25 Things Kids These Days Will Never Understand
Who remembers all these?
Kids these days. Am I right? With their Snapchats and their selfies. Take a walk down memory lane and see all the things that kids these days will never fully appreciate.
Which ones do you remember? Which ones are your most (or least!) favorite?
Once a staple in every tech-savvy home and office, floppy disks have given way to tiny flash drives.
To most kids — and a hefty portion of adults — it’s a mystery as to why phone books are still in circulation. While you may no longer use them to look up a plumber or friend’s phone number, there are plenty of way you can put your old yellow pages to good use.
If it weren’t for “Guardians of the Galaxy,” kids these days may not even know a cassette tape from Adam. Apparently the Marvel films — with their Walkman-loving protagonist — helped give cassette tapes a retail boost in 2018 for the first time in a long time.
The very last VCR was made in 2016, further cementing VHS tapes’ descent into obscurity.
Speak & Spell
This once ubiquitous Texas Instruments toy is actually still available on sites like Amazon and eBay as a collector’s item.
Listening To The Radio All Day Long Just To Record Your Favorite Song On A Tape
Kids today will never truly understand the joy experienced when you managed to hit record at the exact moment your favorite song came on the radio.
Before Tickle Me Elmo, there was Teddy Ruxpin.
Nintendo fans from the ’80s may remember the short-lived R.O.B. — which was compatible with only a couple games on the NES. But the chances of non-’80s kids remembering the R.O.B.? Slim to none.
Making Sure You Don’t Pick Up The Phone So You Don’t Cut Off The Internet
So many wonderful AIM chat sessions were cut short because of this issue. Kids will just never understand.
Building A Radio Shack Transistor Radio
The concept of in-home radios is hard enough for kids these days to understand — let alone building one’s own!
While Pepsi’s clear cola had fleeting, promotion-driven returns to store shelves in recent years, many adults will remember Crystal Pepsi’s original early ’90s debut and demise.
These stuffed animals that could roll up into themselves — and the corresponding TV show about them — debuted in the mid-’80s. There’s a chance kids today may know from Popples, however, as they’ve been brought back to market a couple times in the past two decades — but, as it so often goes, there’s nothing like the originals!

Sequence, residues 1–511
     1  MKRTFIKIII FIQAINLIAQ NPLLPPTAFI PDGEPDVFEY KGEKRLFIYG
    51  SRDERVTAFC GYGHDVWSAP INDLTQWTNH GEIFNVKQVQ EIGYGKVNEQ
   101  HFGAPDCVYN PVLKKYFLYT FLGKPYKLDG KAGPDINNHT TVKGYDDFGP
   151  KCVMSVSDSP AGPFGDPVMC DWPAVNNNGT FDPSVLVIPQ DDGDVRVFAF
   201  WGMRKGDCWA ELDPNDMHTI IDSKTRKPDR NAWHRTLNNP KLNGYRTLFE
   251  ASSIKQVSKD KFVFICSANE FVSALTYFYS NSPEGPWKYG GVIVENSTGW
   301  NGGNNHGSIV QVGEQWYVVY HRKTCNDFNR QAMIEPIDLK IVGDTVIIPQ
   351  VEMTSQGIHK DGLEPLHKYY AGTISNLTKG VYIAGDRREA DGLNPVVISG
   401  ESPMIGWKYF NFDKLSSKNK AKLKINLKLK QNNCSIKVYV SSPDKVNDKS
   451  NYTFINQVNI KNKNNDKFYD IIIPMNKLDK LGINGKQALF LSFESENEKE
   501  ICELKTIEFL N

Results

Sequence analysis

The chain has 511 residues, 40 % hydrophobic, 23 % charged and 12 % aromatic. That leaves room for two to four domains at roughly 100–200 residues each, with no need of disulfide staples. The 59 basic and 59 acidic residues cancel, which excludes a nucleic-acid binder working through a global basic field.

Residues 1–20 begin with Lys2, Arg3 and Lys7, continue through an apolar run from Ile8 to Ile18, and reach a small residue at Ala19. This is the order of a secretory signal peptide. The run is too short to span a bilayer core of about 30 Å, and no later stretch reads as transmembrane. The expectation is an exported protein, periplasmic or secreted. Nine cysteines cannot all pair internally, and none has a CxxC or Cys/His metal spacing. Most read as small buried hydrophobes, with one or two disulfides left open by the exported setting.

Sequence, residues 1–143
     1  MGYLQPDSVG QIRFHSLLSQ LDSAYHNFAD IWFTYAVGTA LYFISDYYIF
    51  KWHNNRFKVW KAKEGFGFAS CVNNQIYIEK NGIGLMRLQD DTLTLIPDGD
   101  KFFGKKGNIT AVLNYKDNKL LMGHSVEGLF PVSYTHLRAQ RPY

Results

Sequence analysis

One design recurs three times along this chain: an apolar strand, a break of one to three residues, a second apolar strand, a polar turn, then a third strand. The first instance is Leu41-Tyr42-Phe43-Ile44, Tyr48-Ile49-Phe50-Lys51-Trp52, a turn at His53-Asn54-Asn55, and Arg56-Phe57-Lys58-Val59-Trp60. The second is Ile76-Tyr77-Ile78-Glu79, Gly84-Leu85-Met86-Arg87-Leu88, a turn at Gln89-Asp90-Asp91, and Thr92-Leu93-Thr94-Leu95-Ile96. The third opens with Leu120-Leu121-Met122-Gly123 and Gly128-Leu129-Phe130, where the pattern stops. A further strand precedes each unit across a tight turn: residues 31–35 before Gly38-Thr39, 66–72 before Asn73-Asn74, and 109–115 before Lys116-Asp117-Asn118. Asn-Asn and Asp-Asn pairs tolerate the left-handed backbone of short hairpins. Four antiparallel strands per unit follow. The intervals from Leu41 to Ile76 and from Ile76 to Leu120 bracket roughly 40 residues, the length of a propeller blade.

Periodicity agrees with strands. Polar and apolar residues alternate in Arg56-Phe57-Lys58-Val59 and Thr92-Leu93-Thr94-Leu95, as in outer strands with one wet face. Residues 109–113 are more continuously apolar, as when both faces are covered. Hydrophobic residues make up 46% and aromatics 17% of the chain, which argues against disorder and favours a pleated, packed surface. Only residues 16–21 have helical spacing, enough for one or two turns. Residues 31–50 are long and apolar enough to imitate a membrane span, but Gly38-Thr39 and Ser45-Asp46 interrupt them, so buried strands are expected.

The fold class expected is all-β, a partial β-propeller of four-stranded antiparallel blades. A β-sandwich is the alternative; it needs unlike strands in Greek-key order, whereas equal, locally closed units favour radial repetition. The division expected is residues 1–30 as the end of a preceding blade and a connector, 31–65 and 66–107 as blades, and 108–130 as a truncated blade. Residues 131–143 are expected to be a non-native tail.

Video Games On Cartridges
Nintendo, Sega, Atari. All the major video game systems had cartridges. Chances are you blew into the bottom of one at least once in your childhood to try and clear up any on-screen wonkiness.
While the Blockbuster brand is now part of the DISH network, kids these days will never know what it was like to browse the aisles of a Blockbuster store.
TV That’s Actually Furniture
While TVs today are designed to be as unobtrusive as possible, TVs used to be styled to fit right in with your living room set. And what a glorious look that was.
Getting Up To Change The Channel
Along with the massive TV sets of yore, kids these days will never understand what TV-watching was like before remotes.
Portable CD players like the Discman ended Walkman’s longstanding reign, only to be replaced years later by the MP3 player craze.
AOL and the classic phrase, “You’ve Got Mail!”
Chances are you still have an AOL promotional disc lying somewhere around your house.
Can you remember the time when you didn’t have instant access to photos you’d taken? It seems wild now.
How many fewer germs are passed between us all now that payphones are no longer a thing?
And you never saw a pager without a belt clip to go with it.
It’s too bad encyclopedia makers didn’t beat Google to the punch, or we might instead be saying “let me brittanica that for you” today.
Trapper Keepers, preferably covered with stickers, were everything.
Because you had to “be kind and rewind,” the joy of using a super-fast VHS rewinder was unparalleled.
While there are still some in existence, metal slides — and the way they’d sear your skin after becoming piping hot in the sun — used to be a given.
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